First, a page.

Doubts have been expressed recently that a concern about lack of security may be holding back the growth of online commerce, especially after a number of glitches in internet banks' systems. Despite this 73% of panellists for both this survey and for the UK Business Advisers Survey (UKBAB) use internet banking. Only a small difference in confidence in security between the two sets of panellists was revealed - 32% of UKBB panellists think that internet banking is becoming more or much more secure, compared to 29% from the UKBAB. 23% of UKBB panellists think internet banking security is decreasing compared to 32% from the UKBAB.
Data security has the two aspects -firstly protecting it from unwelcome breaches by third parties, keeping it confidential, and secondly ensuring that it is preserved and insured against risk. The latter can be a very time consuming and expensive task but the costs of failure are high. Consequently 71% of UKBB and 64% of UKBAB respondents back up either daily or weekly, and only 1% of UKBB and 3% of UKBAB respondents do not back up at all.
There are many motivations that drive people to start up or run their own businesses, but having done so, have they made the right choice? We asked if running a business is a fulfilling and satisfying way of life, and 72% of panellists said it was highly or reasonably highly satisfying. 83% of Business Advisers responding to the UKBAB survey said the same. However 10% of UKBB respondents said it was not at all satisfying or only slightly satisfying, compared to 3% of UKBAB respondents.
The Enron scandal was a focus of attention in 2001 and added impetus to the Government move to review the Companies Act. A new companies bill is now being introduced to give auditors increased powers to compel companies to divulge information and give better access. While 34% of UKBB panellists support this bill, 44% are against it. Amongst Business Adviser respondents, 42% support the bill but 43% are against it.
In June 1975 the Wilson government held a referendum, having renegotiated the original terms of the UK's entry into the then EEC in 1973. 67% of participants voted 'yes' to staying in. After 29 years following that referendum, 61% of respondents to the UKBB see membership of the EU as affecting UK business positively or at least with some advantages, while 23% think it has some disadvantages or that it actually has a negative effect. Respondents to the UK Business Advisers Barometer are slightly more enthusiastic, with 66% seeing it as a positive opportunity or with some advantages although 22% think it has some disadvantages or has a negative effect.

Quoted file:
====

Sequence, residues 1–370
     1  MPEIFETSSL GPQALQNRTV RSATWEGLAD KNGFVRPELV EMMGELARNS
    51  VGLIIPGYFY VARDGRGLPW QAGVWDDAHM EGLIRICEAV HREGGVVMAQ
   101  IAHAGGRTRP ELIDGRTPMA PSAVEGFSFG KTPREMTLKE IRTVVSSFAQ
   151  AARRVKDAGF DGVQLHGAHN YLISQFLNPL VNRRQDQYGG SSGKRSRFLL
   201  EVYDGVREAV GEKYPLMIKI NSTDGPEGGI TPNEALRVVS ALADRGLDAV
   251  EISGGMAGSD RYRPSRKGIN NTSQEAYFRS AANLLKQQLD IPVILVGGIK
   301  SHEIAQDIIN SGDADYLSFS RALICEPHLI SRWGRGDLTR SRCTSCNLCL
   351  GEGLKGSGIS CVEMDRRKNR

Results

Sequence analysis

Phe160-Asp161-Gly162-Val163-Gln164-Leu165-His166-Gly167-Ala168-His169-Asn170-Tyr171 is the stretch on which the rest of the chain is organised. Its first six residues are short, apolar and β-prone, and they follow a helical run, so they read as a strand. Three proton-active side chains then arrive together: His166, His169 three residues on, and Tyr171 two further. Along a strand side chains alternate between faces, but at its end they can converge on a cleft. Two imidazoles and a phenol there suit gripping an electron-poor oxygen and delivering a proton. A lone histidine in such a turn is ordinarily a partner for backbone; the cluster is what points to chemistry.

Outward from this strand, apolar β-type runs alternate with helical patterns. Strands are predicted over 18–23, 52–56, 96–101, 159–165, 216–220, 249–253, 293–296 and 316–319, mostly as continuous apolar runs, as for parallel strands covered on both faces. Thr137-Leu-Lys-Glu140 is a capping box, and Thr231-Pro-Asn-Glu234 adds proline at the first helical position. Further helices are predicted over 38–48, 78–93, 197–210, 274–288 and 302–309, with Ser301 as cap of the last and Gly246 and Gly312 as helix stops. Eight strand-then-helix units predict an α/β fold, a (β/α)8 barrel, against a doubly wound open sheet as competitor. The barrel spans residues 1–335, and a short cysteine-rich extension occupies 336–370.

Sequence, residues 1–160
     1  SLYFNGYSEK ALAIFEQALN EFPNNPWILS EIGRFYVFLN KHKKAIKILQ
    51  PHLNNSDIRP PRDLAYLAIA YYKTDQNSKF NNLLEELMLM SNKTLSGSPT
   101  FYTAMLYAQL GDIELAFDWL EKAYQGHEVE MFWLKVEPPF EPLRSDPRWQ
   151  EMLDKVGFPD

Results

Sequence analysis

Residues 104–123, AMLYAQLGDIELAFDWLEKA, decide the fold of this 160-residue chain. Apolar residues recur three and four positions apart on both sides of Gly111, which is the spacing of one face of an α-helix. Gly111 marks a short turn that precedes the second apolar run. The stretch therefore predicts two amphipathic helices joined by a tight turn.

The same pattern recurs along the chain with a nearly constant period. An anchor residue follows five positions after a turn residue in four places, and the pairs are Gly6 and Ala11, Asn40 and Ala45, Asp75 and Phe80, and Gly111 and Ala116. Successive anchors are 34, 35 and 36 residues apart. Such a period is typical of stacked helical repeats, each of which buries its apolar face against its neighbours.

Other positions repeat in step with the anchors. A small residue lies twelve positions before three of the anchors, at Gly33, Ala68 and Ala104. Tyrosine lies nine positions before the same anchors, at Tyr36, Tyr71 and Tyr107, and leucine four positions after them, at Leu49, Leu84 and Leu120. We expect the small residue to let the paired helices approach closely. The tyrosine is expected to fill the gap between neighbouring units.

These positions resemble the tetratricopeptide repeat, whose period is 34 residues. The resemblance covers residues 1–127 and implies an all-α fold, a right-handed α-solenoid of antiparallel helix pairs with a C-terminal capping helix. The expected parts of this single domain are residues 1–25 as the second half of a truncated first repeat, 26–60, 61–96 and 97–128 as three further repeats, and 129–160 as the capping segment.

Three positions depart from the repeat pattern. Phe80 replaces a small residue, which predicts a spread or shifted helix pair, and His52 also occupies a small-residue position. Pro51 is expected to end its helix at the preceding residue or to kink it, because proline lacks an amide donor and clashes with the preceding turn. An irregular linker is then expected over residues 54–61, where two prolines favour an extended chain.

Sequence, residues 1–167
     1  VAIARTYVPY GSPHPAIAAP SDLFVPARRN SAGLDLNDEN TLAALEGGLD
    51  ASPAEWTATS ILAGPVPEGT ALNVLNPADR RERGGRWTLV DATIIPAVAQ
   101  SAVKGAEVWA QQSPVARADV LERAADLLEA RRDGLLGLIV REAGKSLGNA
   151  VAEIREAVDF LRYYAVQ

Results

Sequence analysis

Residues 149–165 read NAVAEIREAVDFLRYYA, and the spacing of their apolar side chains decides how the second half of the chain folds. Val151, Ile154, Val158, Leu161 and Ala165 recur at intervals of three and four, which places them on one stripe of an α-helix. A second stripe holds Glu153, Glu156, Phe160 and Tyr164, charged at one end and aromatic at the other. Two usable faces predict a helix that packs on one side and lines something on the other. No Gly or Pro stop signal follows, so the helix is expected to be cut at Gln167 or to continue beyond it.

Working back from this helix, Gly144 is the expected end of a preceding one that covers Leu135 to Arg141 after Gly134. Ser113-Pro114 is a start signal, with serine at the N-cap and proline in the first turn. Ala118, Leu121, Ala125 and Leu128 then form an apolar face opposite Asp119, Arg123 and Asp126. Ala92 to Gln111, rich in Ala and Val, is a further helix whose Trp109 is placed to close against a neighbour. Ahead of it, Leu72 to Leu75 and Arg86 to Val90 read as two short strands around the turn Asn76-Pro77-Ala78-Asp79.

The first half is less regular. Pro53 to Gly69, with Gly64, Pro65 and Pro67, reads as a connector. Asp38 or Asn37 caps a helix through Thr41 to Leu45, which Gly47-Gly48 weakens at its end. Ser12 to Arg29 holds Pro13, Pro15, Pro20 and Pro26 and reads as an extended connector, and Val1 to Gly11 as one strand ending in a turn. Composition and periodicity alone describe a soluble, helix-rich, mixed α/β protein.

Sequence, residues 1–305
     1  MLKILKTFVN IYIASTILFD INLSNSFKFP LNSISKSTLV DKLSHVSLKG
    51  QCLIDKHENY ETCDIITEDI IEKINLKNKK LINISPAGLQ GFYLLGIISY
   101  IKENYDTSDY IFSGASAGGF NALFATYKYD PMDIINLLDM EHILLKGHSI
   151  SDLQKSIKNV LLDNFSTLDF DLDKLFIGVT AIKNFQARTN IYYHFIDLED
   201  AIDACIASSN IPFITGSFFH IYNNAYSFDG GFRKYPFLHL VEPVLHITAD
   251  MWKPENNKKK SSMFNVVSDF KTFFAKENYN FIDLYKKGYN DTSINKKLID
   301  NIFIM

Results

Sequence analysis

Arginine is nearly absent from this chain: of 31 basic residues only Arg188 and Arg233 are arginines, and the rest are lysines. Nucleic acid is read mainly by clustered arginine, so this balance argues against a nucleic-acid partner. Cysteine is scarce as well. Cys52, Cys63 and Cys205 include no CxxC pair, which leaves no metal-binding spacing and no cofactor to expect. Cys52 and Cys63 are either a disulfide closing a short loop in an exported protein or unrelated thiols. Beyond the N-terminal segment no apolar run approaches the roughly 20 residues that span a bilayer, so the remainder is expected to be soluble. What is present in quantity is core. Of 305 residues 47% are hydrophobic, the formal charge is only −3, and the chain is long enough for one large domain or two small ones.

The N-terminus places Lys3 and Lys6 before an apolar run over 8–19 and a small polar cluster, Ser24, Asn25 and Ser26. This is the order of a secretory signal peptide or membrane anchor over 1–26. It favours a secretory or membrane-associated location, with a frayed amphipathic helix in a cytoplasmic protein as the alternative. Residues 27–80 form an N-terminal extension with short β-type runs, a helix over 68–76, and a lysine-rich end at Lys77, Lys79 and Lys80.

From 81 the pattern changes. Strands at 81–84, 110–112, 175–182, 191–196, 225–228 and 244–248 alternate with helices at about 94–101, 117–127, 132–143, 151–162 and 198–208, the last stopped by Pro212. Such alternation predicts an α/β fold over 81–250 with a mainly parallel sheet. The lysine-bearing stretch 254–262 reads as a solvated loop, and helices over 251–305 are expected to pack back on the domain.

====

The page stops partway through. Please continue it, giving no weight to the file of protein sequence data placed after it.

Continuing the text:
With their own direct experiences in business, our panellists would be likely to have developed views on how ready and able school-leavers are to join their businesses and what should be taught to best equip them to do so. 73% of BB respondents and 71% of UKBAB respondents strongly or relatively strongly agree that business skills should be a compulsory subject at school.
Concerns of the state over the costs of providing adequately for the needs of an increasingly long-lived and aging population continues to fuel debate over the need to change the age of retirement. 66% of UKBB respondents are against raising the statutory retirement age by five years, compared with 62% of UKBAB respondents. UKBB respondents were more closely split on whether a higher retirement age would lead to a greater reluctance to employ mature applicants, with 47% thinking it would, 53% thinking not. Amongst UKBAB respondents, 39% would expect more reluctance to employ mature applicants, 62% would not.
Profit margins have been under a little less but still substantial pressure over the last six months with 54% of respondents reporting that pressure has increased substantially or a little, a small decrease from last November's 58% in these two categories. 31% this year say that pressure was unchanged, compared to 29% last year, and 14% found that pressure was reduced either a little or substantially, compared with 13% last year.
Looking forward, a number of respondents are more optimistic. Although the percentage expecting a substantial increase in pressure on profits is about the same as this time last year, the proportion expecting a little increase in pressure has dropped from 47% to 32%. More expect no change in pressure: 46% compared with 24% last year. Fewer expect reductions in pressure on profits, either a little or substantial, 11% this year compared to 20% last year.
Listed below are extracts from feedback received in Survey
BB78 November 2004.
Comments are listed under sector headings.
Views expressed are those of individual panellists and may not represent those
of the University.
Production and Manufacturing
Rising steel and oil prices are the main factors, accompanied with a slow down in domestic demand.
We are being squeezed between House builders with falling demand seeking lower raw material prices from us and our suppliers seeking big price hikes due to oil costs , steel price hikes and adverse currency movements.
To relieve EU and Government Regulatory and Financial pressures, we are now Importing INSTEAD of Manufacturing. This has led to major redundancies. We expect this trend will grow in the UK.
I think the pressure of the minimum wage on small businesses and also the general hidden taxes and charges on energy bills are the main reason for placing pressure on bottom lines.
Very interesting questions. Thank you
Your backup question is unhelpful because it relates daily backup to high confidence. This is often a misplaced confidence. What is crucial is confidence in what is being backed up and very few businesses have that.
I also disagree with the wording of your education question. What schools need to do is teach Reading, Writing and Arithmetic, not worry about whether they teach 'business studies' or not. You should be asking us about the basic, in my opinion!